[SciPy-user] Pros and Cons of Python verses other array environments

John Hassler hasslerjc at adelphia.net
Thu Sep 28 14:37:49 CDT 2006


I really don't agree that "python is slightly harder to figure out for 
complete beginners" (Gael). (You knew SOMEBODY would be disagreeable).  
I've used/taught Matlab, Mathcad, Scilab, and Python ... not to mention 
Fortran, QBasic, VBasic, etc.

In Python, I click on Idle and start calculating.  Maybe I have to 
"import math," but that's it.  Sure, there are some points I have to 
know, but believe me, it's a lot easier than starting a beginner on 
Mathcad.  Scilab is very similar to Matlab (except that Scilab is free, 
and has a nicer syntax for functions).  If I want array calculations, 
it's one more "import," but otherwise no more difficult than Matlab and 
friends, and much easier than Mathcad.

Now, suppose I want to do something a little more complicated, and I 
want a function.  In Python (and Scilab), I can define the function on 
the fly, and then use it.  In Matlab, I have to save the function in an 
"m-file" before I can use it, which brings up all kinds of problems of 
where to put the file, what to name it, etc.  Easy enough for us, maybe, 
but not for our prototypical "complete beginner."  (It's also not 
esthetically pleasing ... but that's a different problem.)  In Mathcad, 
simple functions are pretty easy; complex ones are pretty not easy, but 
there's a fair bit to learn before you can make any of them work.

I wouldn't expect a student to write functions in any of these without 
at least some background, and the required background in Python is 
certainly no more than that in any of the others.  The biggest 
difference, for me, is that Python can "keep going."  
Matlab/Scilab/Mathcad all hit the wall fairly quickly, in terms of 
program size and/or complexity.

But my real peeve is that Matlab is incomplete (batteries NOT 
included).  I'm "visiting faculty" (hired help - I've retired, but I'm 
teaching a course).  There came a point where we needed to solve a small 
set of simultaneous nonlinear equations.  The students here are required 
to have Matlab, so I said, "Just call up fsolve."  Oops.  In Matlab,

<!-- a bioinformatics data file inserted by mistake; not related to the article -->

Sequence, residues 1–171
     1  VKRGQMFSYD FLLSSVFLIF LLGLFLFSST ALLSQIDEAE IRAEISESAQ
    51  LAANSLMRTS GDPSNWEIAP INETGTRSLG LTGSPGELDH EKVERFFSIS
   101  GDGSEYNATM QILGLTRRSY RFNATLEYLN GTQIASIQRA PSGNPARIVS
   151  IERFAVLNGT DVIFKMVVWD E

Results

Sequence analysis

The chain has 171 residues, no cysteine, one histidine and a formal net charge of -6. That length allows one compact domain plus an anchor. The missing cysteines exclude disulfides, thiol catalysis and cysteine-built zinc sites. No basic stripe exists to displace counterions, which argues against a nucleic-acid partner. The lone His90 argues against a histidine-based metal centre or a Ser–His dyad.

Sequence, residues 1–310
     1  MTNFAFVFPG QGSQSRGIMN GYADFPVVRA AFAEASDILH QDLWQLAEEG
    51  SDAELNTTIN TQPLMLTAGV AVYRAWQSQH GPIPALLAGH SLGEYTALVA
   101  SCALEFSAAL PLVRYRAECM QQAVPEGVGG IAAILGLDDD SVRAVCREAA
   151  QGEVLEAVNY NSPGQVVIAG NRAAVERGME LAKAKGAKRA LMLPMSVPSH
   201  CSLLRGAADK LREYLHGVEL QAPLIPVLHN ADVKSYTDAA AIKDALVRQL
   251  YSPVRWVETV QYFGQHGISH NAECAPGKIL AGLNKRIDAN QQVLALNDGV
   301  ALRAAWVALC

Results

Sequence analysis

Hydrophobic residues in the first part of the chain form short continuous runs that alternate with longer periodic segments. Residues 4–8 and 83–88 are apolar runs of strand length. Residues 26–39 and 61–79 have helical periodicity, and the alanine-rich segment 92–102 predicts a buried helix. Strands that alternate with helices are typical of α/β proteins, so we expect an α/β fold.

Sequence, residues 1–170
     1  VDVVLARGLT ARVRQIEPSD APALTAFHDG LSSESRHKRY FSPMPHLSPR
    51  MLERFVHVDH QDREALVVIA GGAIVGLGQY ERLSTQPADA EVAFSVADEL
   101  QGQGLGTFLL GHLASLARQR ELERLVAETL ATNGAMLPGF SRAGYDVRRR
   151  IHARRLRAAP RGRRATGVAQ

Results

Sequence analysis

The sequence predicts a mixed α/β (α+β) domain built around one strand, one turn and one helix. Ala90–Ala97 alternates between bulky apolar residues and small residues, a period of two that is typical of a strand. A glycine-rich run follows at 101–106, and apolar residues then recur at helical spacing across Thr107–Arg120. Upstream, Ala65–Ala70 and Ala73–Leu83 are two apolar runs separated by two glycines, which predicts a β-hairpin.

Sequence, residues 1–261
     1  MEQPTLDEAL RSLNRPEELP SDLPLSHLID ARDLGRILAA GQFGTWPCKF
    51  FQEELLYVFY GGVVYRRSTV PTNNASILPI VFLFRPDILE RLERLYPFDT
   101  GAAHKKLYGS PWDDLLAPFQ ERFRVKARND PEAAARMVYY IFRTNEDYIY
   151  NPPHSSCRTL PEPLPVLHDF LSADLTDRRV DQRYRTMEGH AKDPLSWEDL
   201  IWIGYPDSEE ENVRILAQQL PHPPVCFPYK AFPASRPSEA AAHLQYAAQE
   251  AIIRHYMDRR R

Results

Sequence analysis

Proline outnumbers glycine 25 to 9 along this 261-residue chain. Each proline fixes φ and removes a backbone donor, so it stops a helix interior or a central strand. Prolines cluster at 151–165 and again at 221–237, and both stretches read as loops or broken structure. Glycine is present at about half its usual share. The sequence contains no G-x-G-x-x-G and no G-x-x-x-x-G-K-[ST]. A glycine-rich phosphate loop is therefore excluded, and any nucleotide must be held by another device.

that's not in the student version.  They'd have to buy the "optimization 
toolbox" to get it.  EVERY other math system has it ... but it costs 
extra in Matlab.

I wasn't fond of Matlab before that, but that little incident really 
soured me on it.  (So I taught them flowsheet tearing.  If you know what 
that is, you're a Chemical Engineer, and you're old.)

I've never taught Python to "complete beginners," but I _have_ taught 
Matlab and Mathcad, and I can't imagine that Python would be any more 
difficult to teach.  Maybe a beginners tutorial aimed at scientific 
calculation would help (although they exist on the web), but I think 
that the problem is really more of perception than reality.

john


Gael Varoquaux wrote:
> I agree with Rob that python is slightly harder to figure out for
> complete beginners. And I agree that it lacks integration. I would like
> to have a application, with an icon on the Desktop, or in the menus,
> that you can start, and start right away typing calculations in, without
> importing packages, figuring out how with shell use, it might even have
> an editor. It would have proper branding, look pretty, have menus
> (including a help menu that would give help on python, scipy, and all
> the other packages)...
>
> I am (as everybody) lacking time to do this but I see enthought's
> envisage a good starting point for this. It seems possible to integrate
> pylab to it, in order to have dockable pylab windows. It already has an
> editor and a shell. The shell is not as nice as ipython: it is pycrust,
> but I hope one day ipython will be easy to integrate in wxpython
> applications, and that it will have syntax highlighting and docstrings
> popup like pycrust (beginners really love that).
>
> I think developing such an application would definitely help our
> community get more exposure. I know this will not interest the people
> who are currently investing a lot of time on scipy/ipython, as they are
> aiming for the other end of the spectrum: difficult tasks where no good
> answers are available, like distributed computing. I think that we
> should still keep this in mind, and as pycrust, envisage, and other
> inegration tools make progress see if and when we can put together such
> application. Maybe we should put up a wiki page to throw down some ideas
> about this.
>
> Gaël
>
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